Home Remedies For Burns

 

Perhaps your hand hit the stove while you prepared an evening meal, or your finger touched the flame while you lit a candle. While the resulting injury should heal independently, home remedies for minor, thermal burns relieve pain and quicken recovery. The following tips address effective treatment of burns at home, while avoiding common but misguided home remedies that often worsen burns:

 

DO:

 

Stop the source of the burn. If natural heat caused the injury, apply water or a blanket to existing flames. Do not run if your clothing catches on fire. Stop, drop, and roll to successfully put out the flames.

 

Apply warm air if burns stem from cold temperatures. This works well for relatively small areas, including the fingers, toes, ears, nose, and face. Immersing these parts in warm water or concealing them with your clothing also serve as simple home remedies suitable for non-serious burns.

 

Allow cool tap water to flow over the injury in the event of a hot burn. The water should run between 10 to 20 minutes.

 

DO NOT:

 

(Never) Use ice during any stage of the burn. While this seems like a logical way to treat burns caused by high temperatures, ice only prevents blood from properly flowing to the injured area and often contributes to increased tissue damage, scarring, and long-term loss of sensation.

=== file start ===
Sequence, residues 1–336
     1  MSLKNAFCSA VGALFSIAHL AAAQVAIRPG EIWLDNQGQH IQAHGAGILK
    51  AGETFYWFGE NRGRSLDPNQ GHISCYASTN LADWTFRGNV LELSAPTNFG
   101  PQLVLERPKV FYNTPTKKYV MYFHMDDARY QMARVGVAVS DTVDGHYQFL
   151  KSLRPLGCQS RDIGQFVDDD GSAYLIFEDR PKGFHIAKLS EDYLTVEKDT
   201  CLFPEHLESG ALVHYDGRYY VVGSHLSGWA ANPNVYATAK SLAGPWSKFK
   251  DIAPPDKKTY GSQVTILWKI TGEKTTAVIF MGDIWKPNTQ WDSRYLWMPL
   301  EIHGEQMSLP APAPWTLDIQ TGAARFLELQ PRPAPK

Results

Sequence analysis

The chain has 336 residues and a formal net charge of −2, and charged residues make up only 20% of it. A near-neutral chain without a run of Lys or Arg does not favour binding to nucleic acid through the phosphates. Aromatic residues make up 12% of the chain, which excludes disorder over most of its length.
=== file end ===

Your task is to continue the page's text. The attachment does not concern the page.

(Never) Pour milk on the burn. While milk contains good fats and proteins, it does not absorb through the skin and often hosts bacteria that multiplies and leads to skin infections that only complicate existing injuries. Butter, another home remedy thought to cure burns, acts similarly to milk.

 

(Never) Resort to antiseptic products, including toothpaste, white vinegar, and hydrogen peroxide. Not only do these products increase pain resulting from burns, but they also contribute to bacterial growth.

 

When to Seek Medical Attention

Several risk factors and burn characteristics require proper, professional care. Abandon home remedies and visit the emergency room immediately should the following occur:

 

  • The burn sufferer is younger than age 5, or older than age 70.
  • Increased redness, pus-like discharge, and/or fever exceeding 100.4 degrees Fahrenheit.
  • The burn completely surrounds a sensitive body part, like an arm, leg, or genitalia.

 

*Call 911 if the burn appears to spread into the skin, with blisters. These symptoms likely indicate a third-degree burn. Fourth-degree burns often involve burns that spread to the muscle or bone. Third and fourth-degree burns may not cause pain upon injury, but deserve emergency medical treatment.

 

Uptown Emergency Room warns against home remedies for burns of greater severity. If you feel that you or someone near you sustained a severe burn, and are located in the Dallas area, visit our emergency care center or call us at (214) 217-1818.